The general reference close reason reads as follows:

This question is too basic; it can be definitively and permanently answered by a single link to a standard internet reference source designed specifically to find that type of information.

Fairly straight foward, however, I've noticed it is being applied inconsistently across the site. The questions Which Doctor Who episodes were written by Steve Cole? and What two TNG episodes does Ashley Judd appear in and does she say she didn't? were closed as General Reference since they are answered on Wikipedia. However, the questions Who was the judge in The Dark Knight Rises? and Is there an older Doctor Who series? are also answered via their respective Wikipedia pages and have not been closed. I flagged the latter two questions in case they were just overlooked, and although the flags were marked helpful, no action was taken on either them.

The above are just a few examples, I'm sure there are more. Is their some reason to keep the latter two questions open while closing the first two? If not the latter two should be closed (or the first two opened, in which case the general reference close reason may need to be refined).

Being inconsistent with closing questions can be a serious problem. Not only will it cause confusion for users, it also aggravate new users whose questions are closed while other nearly identical questions remain open. This problem has been experienced over at Gaming.SE, and normally results in a very sour new user (who sometimes decide the site is not for them).

  • Questions on this site fall into a few categories: identification, easily Google-able, speculation, requiring the author to create more material, or the rarest category of all "answerable via expert knowledge of the subject". The first four are by far the most common. Oct 26, 2012 at 22:31
  • I don't know about the Batman one, but the Doctor Who one really should be closed...
    – Izkata
    Oct 27, 2012 at 1:00
  • 2
    General Reference is a wretched beast of subjectivity. May it be slain. Oct 28, 2012 at 2:10
  • @GabeWillard - see also: meta.scifi.stackexchange.com/questions/2249/… Oct 28, 2012 at 21:31
  • 1
    @GabeWillard - I had a proposal on how to make G.R. very objective. People nearly universally hated it. Oct 28, 2012 at 23:15
  • @DVK That meta post you linked to is very highly upvoted. Why was nothing done as a follow through on it? Oct 29, 2012 at 7:36
  • @GabeWillard - because the emphasis is on making it EASIER to put down other people's questions. God forbid we have a non-subjective methodology and rules for marking content as undesirable. Oct 29, 2012 at 16:22

2 Answers 2


This Question

I personally believe the question should be closed. While Gilles brings up the point that the word "trial" could be edited out of the article, it wouldn't be. Why?

This scene is a plot point in the movie, a crucial moment of tension in the narrative. The movie/franchise has already demonstrated by this point that anyone could die. Crane's insane sham of a trial is a critical part of the last act of the film.

Given this, and given that any reasonable person would have read the entire film summary before asking a room full of strangers this type of question, I would have to say that this question really should be closed, whether as General Reference or Not Constructive is up to the community.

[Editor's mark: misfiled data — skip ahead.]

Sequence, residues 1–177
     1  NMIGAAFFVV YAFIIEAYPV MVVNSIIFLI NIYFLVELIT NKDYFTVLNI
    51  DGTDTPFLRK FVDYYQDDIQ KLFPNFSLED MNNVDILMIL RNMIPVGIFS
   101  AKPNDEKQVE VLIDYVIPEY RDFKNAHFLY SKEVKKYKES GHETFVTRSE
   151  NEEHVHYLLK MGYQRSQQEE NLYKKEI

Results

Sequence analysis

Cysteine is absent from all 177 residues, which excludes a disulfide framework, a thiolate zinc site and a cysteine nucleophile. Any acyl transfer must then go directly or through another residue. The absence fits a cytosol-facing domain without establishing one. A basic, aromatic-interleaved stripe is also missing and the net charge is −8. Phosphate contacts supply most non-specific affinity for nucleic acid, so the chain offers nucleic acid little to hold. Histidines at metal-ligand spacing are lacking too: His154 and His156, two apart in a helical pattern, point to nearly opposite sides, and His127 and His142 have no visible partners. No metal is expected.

General Reference as Enforced

As for the rest of your question: Is general reference being applied inconsistently? My own observations say no. I believe, for the most part, that the application of General Reference is usually in line with how it was agreed upon when General Reference was introduced, that if a "quick Google search" answered the question, then it was to be closed as general reference. However, in general, it seems to be that the actual application of the GR close reason usually comes when the question is answered in the opening sentences of the Wikipedia article.

In my opinion, these two positions are not mutually exclusive. It's not a case of one or the other -- the two feed into one another. That said, I feel that the position advocated in that linked answer is somewhat "softer" than the Stack Exchange philosophy.

It's worth noting that "interestingness" is wholly determined by the community. This is an important thing to note because it's part of the upvote hover text:

This question shows research effort; it is useful and clear.

How "interesting" a question is can usually be elucidated from the upvotes it receives. A good question that is suitably interesting should demonstrate ways the asker has attempted to answer or "logic" out the answer themselves. This is the same "show your work" standard we apply on any site.

Thus, the tension is: how do we maintain our site quality and provide excellent answers while still making this site welcoming to new users? General Reference is one way to fill this gap.

However, it's prone to being abused, as some users in the comments above noted. Personally, I don't think GR is misused or even overused on this site. I think it's usually applied as it should be: sporadically and only when "Not Constructive" isn't the true issue.


To sum:

  • That DKR question should be closed.
  • I don't think "general reference" is being inconsistently applied.
  • As a bonus: I think "not constructive" should be used BEFORE "General Reference" is considered.

I'm interested to see what the community thinks of this.

  • One of the problems with your answer is that, when I DO post a question which show my own research, they get DVed and more rarely VTCed as as "your question already contains an answer". And frankly, what SFF site needs is more people asking questions, not more people "purifying" the meager existing ones by downvoting and VTCing anything their expert opinion subjectively deems "obvious" (which not everyone agrees on - if it's so obvious, it should be obvious to everyone). Oct 29, 2012 at 10:59